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Edward P. Butler ([personal profile] endymions_bower) wrote2018-06-27 06:41 pm

Monotheism is Atheism, and some thoughts on Vedanta

Monotheism is Atheism, and some thoughts on Vedanta (from Twitter)

Sometimes one has to go where the fight is, not try to sublate the opposition. The fight over the term "polytheism" is one of those cases.
Eventually it will be understood that theism just *is* polytheism, and that monotheism properly understood is atheism.
Monotheism isn't just choosing one God and ignoring the rest, polytheists do that all the time. It's denying the others.
Even where monotheism claims to "absorb" the other Gods (i.e. immanent monotheism or "pantheism"), it does so by imposing dualism.
Or else "pantheism" is simply a polite term for polytheism, as Hegel already recognized at the height of this term's popularity.
Deny any divinity, and you deny all divinity.
All atheists recognize monotheism's iconoclasm as a decisive step toward their position, all see monotheism as more "evolved".
The historical disintegration in the West of monotheism into intellectualism, psychologism, and historicism is not accident, but telos.
It came about through the foreclosure of the space proper to theism as such, a space of ongoing theophany, multiplicity, manifestation.
Someone raised the issue of a supposed opposition between polytheism and advaita; as far as I can see, it doesn't exist.
To reduce what advaitins are saying to a head count of Gods seems to me an absurdly banal, and hence uncharitable reading.
This would be true even if one didn't give a damn about polytheism, but merely that philosophers be read as saying something of *interest*.
I've long said about the Platonists: if you don't care about polytheism, maybe you care about philosophers not being nonsense or trivial.
How I read it, the issue between advaita and dvaita is whether in theophany there are two terms or only one.
The issue of how many Gods there are doesn't arise. Nobody need accept my reading, I'm not an authority. But the possibility opens doors.
A reading of Vedanta that does not pit it against polytheism preserves the integrity of a tradition otherwise divided.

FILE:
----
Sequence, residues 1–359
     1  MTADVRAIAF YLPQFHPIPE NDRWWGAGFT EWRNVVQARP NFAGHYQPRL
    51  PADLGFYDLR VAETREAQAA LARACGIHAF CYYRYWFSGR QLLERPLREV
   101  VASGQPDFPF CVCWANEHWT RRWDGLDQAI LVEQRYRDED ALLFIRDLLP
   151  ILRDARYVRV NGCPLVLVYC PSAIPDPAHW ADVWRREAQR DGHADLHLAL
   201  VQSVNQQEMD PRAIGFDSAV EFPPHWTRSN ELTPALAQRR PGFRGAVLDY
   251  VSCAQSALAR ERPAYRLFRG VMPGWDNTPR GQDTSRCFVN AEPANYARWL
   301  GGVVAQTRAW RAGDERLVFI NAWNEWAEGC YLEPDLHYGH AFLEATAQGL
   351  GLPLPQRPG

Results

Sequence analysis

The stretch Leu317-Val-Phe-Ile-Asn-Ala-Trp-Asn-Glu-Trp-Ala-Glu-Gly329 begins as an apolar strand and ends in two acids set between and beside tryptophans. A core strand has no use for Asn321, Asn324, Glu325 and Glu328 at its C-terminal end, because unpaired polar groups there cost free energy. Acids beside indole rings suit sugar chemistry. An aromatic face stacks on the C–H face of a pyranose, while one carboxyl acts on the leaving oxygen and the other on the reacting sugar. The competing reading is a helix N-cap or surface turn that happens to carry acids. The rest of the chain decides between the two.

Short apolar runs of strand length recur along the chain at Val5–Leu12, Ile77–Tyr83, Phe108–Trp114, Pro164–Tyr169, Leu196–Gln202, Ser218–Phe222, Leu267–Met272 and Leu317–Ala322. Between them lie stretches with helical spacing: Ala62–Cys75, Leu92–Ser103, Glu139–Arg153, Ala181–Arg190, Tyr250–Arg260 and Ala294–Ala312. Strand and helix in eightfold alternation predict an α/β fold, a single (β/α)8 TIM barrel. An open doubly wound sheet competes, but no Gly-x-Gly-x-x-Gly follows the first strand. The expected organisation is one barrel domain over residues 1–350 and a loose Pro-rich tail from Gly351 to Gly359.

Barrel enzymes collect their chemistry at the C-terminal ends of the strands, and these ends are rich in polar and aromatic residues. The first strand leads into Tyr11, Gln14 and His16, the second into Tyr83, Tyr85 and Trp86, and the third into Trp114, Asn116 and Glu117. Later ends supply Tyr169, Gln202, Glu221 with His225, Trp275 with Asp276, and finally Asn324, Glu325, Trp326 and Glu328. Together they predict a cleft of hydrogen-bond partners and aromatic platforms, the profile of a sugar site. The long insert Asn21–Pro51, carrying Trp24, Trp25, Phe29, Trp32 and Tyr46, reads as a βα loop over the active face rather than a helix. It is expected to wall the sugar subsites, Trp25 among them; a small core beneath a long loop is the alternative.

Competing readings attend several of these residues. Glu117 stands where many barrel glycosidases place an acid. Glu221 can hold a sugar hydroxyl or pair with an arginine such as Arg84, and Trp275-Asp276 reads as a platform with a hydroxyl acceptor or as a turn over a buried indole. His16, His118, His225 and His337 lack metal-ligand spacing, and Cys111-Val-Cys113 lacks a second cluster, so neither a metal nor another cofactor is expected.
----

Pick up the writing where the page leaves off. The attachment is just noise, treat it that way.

Make no mistake, there is no disinterested account of these issues in the West. Sundering praxis from philosophy in Hinduism is the goal.
Once we realize it's not a head count, the true philosophical issues between advaita and dvaita actually *appear*, and become fascinating.
Otherwise, it's easy for Westerners to dismiss Vedanta because it's treated as a religion in itself.
This was already done with so-called "Neoplatonism" in the West, this is how I can recognize the tactic so readily.
This was also done with Confucianism. In general, only the West is supposed to have philosophy, everybody else just has religions.

A knowledgeable advaitin recognises the Godly assemblage at the General Plane. The Absolute Plane doesn't concern anything let along this. To expand, when Bhashyas were written, nowhere is there a denial of Devas like Indra Mitra Varuna Agni etc. The vyavaharika satya is subject to all injunctions of Dharma Veda and Devata. The Absolute Plane need not concern itself with Poly-Mono concepts at all.

Indeed; but to extent there is a hierarchy, polytheism is superior because it does not say "This God is real, that one not."

True. Indeed, and not only that, Polytheism is sound in that it takes the pulls from the devotee rather than push into them. What I mean is that, there is credible conscious mapping of the Devotees' conception into the Divine rather than an instruction.

Yes, and a proper respect for the entire plane of manifestation.
If all things were equal, nobody in their right mind would claim Hinduism doesn't have many Gods. But I get why people do it.
They're playing respectability politics, plain and simple.

Conversely, I would say that monotheism, properly practiced, recognizes all Gods as God, and cannot exclude any divinity.

That's just recognizing that "God" is a class term, which polytheists have understood since the beginning of time.

Not necessarily. It could be worship of the One (Brahman, Being) of which/whom all gods (and everything else) are manifestations.

Being is the manifestation of the Gods, the Gods aren't manifestations of Being.
I have to say that I am not particularly interested in talking to monotheists about this stuff.
They have nothing to say I haven't heard.